Let me begin with a story that I heard a little while ago. Nitin Paranjpe, COO of Unilever Plc, a good friend and former colleague, narrated this anecdote at a party, one that had us all laughing but also set me thinking.
Here’s what he told us: ‘Do you remember when the company allotted an apartment to me in Parel? At the time, that neighbourhood was still dominated by factory workers living in chawls. When we began to live there, it had just begun its path to gentrification. There were still just a handful of upper middle-class families living there. All the stores there were small kiranas that catered to the workers’ households.
'One day, I had a party at home. In the morning, when I checked my refrigerator, I discovered that we were out of lime cordial. I called up my local kirana, Gupta General Stores, from whom we bought all our groceries, and asked for lime cordial. The owner, Guptaji, asked me, ‘Sir, yeh lime cordial kya hota hai? [What is this lime cordial?]' Before I could explain, he elaborated, ‘Sir, just tell me how you spell it and what’s the brand. I’ll get it for you.’ I didn’t believe him and was resigned to scouring the local shops for the drink. But lo and behold, two hours later, there was a ring at my door, and the delivery boy from Gupta Stores held out a bottle of my favorite brand. ‘Lame kodal,’ he said with pride. I was as amused as I was amazed. Guptaji had delivered. When I called him next, he told me, ‘Sir, now that we know that you use this, we’ve started stocking your 'lame kodal'. You can order it any time.’’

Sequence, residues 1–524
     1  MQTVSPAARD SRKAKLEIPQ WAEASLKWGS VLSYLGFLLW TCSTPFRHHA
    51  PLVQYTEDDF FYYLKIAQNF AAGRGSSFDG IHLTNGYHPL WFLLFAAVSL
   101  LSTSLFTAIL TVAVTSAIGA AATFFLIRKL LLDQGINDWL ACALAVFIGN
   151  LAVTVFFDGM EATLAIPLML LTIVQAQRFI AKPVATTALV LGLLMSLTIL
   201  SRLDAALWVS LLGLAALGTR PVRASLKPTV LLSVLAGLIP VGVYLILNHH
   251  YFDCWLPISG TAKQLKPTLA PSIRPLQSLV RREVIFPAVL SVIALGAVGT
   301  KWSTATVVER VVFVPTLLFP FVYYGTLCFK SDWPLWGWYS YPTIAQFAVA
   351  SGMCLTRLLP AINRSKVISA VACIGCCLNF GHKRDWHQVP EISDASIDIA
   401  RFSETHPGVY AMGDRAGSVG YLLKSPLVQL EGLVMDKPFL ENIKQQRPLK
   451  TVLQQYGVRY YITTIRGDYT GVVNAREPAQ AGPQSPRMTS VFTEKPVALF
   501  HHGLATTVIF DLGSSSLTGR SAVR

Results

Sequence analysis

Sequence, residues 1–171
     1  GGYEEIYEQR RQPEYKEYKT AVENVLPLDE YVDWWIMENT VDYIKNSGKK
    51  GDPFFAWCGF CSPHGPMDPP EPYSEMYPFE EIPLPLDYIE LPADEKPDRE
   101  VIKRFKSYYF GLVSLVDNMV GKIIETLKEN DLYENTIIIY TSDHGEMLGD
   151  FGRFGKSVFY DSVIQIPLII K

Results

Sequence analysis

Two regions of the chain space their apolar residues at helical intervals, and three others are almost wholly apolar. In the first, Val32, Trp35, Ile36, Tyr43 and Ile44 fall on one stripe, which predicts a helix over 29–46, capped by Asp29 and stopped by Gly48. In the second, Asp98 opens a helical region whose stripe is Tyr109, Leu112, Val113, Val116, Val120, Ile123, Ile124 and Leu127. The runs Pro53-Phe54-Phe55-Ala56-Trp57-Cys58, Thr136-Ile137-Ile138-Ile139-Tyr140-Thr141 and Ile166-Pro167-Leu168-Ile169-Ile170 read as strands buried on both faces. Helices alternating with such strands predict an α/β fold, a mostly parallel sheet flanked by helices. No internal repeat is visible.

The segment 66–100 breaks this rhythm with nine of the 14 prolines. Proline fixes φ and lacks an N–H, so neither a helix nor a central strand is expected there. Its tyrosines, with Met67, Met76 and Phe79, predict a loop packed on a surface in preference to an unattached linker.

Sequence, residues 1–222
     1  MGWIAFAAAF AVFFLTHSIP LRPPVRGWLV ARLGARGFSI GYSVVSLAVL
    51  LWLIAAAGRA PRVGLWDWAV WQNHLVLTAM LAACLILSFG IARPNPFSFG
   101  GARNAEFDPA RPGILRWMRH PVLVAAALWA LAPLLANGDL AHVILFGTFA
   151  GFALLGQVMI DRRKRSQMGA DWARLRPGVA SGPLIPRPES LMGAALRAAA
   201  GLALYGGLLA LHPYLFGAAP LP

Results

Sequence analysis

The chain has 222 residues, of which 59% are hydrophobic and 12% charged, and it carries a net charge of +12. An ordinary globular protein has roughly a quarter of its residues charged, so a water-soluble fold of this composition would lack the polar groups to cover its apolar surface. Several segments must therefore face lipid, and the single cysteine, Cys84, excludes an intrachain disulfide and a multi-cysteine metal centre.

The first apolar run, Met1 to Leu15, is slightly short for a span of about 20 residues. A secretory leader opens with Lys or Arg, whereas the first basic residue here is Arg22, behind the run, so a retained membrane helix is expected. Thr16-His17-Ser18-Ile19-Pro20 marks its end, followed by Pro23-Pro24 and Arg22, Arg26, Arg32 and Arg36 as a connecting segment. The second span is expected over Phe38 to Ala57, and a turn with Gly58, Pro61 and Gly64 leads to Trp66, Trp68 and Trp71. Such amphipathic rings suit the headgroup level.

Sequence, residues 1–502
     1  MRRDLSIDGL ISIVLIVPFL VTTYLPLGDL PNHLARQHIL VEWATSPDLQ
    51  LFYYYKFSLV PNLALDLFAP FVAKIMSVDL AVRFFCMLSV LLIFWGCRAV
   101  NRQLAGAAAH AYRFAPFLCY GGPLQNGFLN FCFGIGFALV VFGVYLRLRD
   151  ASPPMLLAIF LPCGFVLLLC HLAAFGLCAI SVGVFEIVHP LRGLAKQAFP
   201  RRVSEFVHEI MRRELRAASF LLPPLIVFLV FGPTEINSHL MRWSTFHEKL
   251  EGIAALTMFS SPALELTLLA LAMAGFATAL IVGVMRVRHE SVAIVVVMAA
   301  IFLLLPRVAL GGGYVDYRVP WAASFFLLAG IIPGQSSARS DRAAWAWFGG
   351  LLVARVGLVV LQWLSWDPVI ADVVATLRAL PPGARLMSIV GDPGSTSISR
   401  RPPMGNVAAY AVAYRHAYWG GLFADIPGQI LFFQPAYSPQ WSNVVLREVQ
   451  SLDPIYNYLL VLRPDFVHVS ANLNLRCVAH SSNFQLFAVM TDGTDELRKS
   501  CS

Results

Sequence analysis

While all of us laughed, I walked away with a very important lesson, one that has stayed with me all through the years. In one transaction, Nitin actually received three areas of excellence in action: Customer-centricity, endless aisle of assortment and a seamless omnichannel retail service.
As a student of retail modernisation, I have run this story in my head time and again. And this is my conclusion. We use modern terms like ecommerce and omnichannel as though these were recent phenomena. The fact is that Indians have been the beneficiaries of ecommerce for several generations.
Let’s begin with the fundamental definition of ecommerce: “When a customer trusts a seller without visiting the store, communicates orders not in person, and the seller delivers the ordered goods at home, that’s ecommerce”.